In Brazil, a colloidal solution with PMMA microspheres has been widely used for the correction of facial lipoatrophy with good results in patients with HIV/AIDS (Fig. 7) and is currently offered to patients in government referral centers for treatment of facial lipodystrophy. A case series report of 504 patients with 5 years of follow-up demonstrated that PMMA was safe and effective and there were no occurrences of long-term side effects such as infection or formation of immune granulomas.
Fig. 7

(a, b) Before and after with PMMA for facial lypoatrophy in HIV patient

Theoretically, any region of the body can be treated with this filler, as long as the tissue is distensible, and the treatment technique is basically retrograde injections into the subcutaneous tissue. The amount to be injected per area, the number of injections, and the interval between each session vary according to the patient, and the area to be corrected and the indication to correct or not must be determined by the physician (Carvalho Costa et al. 2009; Serra 2000, 2001, 2002a, b; Pereira and Poralla 2001; Serra et al. 2004, 2013; Soares and Costa 2011; Orsi et al. 2011). At the moment, there are no studies that have determined the maximum amount of PMMA that can be used in each session, the number of sessions, or the maximum quantity that can be used by one person. Extensive experience is fundamental to gaining the best results.

In addition to the face, other areas of the body such as the back of the hands, buttocks, and chest have been treated with PMMA. Although some professionals apply PMMA intramuscularly to add volume to the calves and buttocks, there are no studies regarding this technique. We consider that the best use of PMMA for large areas such as buttocks is to improve the shape and contour rather than to give volume. Generally, we use 40–60 ml per session, but a maximum amount of 120 ml has been used. Subcutaneous retro-injections, using the “in network” technique, should be performed in all areas, with a 3-month interval between sessions (Serra et al. 2015).

A study on the use of PMMA in 616 HIV (Serra et al. 2008) patients over 10 years has been reported. The amount of PMMA used per patient for treatment ranged from 6 to 38 ml. For the buttocks, the amount used ranged from 40 to 250 ml per patient. For both regions, most patients required two to three sessions to achieve good results. This is in contrast with our experience, in which the largest amount we used to treat buttock lipoatrophy in a HIV-patient was 938 ml in total, divided into 11 sessions (Fig. 8) (Serra et al. 2015).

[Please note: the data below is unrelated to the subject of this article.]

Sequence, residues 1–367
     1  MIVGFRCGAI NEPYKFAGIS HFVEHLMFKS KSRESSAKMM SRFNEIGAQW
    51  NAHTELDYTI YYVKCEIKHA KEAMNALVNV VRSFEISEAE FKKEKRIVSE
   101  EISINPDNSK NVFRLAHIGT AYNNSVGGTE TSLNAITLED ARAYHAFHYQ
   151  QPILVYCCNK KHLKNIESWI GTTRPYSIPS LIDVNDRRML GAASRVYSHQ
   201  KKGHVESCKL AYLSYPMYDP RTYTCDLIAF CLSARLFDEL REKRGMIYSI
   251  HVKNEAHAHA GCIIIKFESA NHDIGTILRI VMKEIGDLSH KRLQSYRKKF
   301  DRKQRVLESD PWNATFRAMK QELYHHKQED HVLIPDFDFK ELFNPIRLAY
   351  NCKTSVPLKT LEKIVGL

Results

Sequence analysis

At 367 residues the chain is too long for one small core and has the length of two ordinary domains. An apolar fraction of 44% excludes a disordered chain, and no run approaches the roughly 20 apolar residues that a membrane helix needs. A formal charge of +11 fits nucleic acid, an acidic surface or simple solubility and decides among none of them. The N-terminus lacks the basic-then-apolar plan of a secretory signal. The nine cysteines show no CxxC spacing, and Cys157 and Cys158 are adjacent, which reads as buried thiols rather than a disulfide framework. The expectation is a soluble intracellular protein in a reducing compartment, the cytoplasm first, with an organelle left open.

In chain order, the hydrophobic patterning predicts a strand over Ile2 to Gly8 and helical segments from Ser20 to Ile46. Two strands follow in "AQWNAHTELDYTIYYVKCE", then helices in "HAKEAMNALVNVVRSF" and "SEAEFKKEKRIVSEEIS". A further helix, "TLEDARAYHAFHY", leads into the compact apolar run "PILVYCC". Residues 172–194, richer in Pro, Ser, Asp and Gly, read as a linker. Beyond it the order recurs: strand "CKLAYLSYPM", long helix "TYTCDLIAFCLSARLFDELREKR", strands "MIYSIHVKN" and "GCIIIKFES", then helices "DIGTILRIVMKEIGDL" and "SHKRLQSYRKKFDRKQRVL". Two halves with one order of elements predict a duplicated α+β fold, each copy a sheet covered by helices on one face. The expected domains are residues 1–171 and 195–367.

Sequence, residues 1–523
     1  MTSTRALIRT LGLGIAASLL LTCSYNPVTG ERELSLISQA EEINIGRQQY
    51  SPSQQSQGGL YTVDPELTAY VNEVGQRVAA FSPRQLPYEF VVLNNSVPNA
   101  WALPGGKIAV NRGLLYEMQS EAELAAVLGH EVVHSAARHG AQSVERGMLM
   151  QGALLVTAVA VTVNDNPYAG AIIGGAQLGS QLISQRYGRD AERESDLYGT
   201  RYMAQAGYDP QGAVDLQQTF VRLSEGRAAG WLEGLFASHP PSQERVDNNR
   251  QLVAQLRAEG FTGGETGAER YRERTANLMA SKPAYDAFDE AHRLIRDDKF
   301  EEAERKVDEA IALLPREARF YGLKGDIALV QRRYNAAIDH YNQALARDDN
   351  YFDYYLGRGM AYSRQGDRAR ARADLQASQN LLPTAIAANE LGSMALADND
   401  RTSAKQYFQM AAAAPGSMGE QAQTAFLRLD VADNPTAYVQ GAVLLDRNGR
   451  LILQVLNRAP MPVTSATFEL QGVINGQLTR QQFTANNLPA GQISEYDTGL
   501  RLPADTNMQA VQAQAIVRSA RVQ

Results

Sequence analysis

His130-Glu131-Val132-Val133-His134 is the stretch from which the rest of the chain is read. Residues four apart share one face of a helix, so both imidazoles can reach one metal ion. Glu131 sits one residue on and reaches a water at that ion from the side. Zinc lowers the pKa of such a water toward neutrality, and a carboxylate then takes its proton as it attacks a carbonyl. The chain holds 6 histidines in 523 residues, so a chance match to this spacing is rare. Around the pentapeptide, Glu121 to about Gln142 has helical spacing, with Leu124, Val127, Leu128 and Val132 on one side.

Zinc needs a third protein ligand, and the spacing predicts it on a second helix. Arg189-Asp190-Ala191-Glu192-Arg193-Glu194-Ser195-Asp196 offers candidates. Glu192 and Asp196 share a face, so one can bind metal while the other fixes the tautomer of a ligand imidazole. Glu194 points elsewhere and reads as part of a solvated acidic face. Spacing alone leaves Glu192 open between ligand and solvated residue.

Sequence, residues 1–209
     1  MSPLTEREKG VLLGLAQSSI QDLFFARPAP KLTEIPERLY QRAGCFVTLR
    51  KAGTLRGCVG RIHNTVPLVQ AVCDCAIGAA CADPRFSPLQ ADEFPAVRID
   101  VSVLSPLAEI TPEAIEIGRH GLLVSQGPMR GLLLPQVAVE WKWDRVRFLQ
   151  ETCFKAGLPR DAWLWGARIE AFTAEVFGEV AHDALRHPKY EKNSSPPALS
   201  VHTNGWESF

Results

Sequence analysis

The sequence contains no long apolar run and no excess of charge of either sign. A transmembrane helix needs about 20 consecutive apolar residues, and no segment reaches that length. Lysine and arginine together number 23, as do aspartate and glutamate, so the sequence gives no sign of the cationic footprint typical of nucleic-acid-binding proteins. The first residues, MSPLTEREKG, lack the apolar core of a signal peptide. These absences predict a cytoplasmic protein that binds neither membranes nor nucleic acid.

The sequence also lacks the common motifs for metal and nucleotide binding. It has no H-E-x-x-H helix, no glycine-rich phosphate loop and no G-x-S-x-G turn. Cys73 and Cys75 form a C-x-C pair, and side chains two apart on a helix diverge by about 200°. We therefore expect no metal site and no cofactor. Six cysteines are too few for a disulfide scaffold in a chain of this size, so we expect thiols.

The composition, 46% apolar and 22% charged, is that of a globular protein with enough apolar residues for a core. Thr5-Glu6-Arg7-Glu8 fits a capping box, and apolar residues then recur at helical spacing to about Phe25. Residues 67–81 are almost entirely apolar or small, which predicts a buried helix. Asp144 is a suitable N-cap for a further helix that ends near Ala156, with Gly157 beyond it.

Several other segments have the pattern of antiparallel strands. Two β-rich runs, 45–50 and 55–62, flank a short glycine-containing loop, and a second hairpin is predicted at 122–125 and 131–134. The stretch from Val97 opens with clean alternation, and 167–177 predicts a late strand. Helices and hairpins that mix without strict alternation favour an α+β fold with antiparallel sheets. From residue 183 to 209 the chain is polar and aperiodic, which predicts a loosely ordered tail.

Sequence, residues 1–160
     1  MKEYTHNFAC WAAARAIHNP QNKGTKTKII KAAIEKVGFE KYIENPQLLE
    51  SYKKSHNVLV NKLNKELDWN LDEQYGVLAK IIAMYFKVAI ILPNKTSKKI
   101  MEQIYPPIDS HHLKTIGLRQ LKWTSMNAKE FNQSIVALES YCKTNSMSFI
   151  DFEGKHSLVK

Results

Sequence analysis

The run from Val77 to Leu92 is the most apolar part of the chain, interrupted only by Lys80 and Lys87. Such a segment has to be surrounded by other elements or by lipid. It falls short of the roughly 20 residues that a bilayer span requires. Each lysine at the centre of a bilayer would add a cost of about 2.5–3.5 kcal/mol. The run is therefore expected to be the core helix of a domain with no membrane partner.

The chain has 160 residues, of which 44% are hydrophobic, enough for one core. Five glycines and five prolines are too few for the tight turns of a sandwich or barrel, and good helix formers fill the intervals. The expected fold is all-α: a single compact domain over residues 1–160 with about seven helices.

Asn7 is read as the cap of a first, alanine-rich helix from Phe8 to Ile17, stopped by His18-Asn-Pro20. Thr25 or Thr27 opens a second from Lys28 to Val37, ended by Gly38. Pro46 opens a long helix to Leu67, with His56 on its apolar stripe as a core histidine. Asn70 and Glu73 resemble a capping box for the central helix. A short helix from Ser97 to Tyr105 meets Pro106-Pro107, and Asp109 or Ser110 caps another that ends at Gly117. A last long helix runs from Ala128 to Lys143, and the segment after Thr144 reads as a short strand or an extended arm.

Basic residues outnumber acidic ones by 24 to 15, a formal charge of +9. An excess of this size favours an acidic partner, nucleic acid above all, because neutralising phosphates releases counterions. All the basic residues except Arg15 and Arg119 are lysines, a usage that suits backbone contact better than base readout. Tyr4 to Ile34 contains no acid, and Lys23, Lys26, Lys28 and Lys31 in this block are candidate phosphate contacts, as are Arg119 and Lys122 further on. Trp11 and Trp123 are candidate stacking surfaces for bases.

Fig. 8

(a, b) Before and after with PMMA for buttock lypoatrophy in HIV patient


Permanent fillers are used to correct furrows and deep depressions in the skin and for volume replacement. Of all of the permanent fillers available on the market, PMMA is the only one that is regularly used. PMMA has been demonstrated to be safe, effective, and long lasting, with few adverse reactions when utilized correctly correctly.

Take Home Messages

  • Permanent fillers are used for deep depression corrections and volume replacement.

  • Silicone, polyacrylamide, polyalkylimide, and PMMA are the most common permanent fillers on the market.

  • PMMA is the main permanent filler used currently.

  • In Brazil, PMMA is widely used for correction of HIV lipoatrophy.

  • PMMA can also be used for body volume restoration.


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Copyright information

© Springer Nature Switzerland AG 2019

Authors and Affiliations

  • Márcio Soares Serra
    • 1
    • 2
    • 3
    • 4
    Email author
  • Leonardo Zacharias Gonçalves
    • 3
  1. 1.DermatologyFederal University of The State of Rio de JaneiroRio de JaneiroBrazil
  2. 2.Cosmiatric Dermatology, Gaffrèe and Guinle University HospitalRio de JaneiroBrazil
  3. 3.Brazilian Society of DermatologyRio de JaneiroBrazil
  4. 4.American Academy DermatologyScaumburgUSA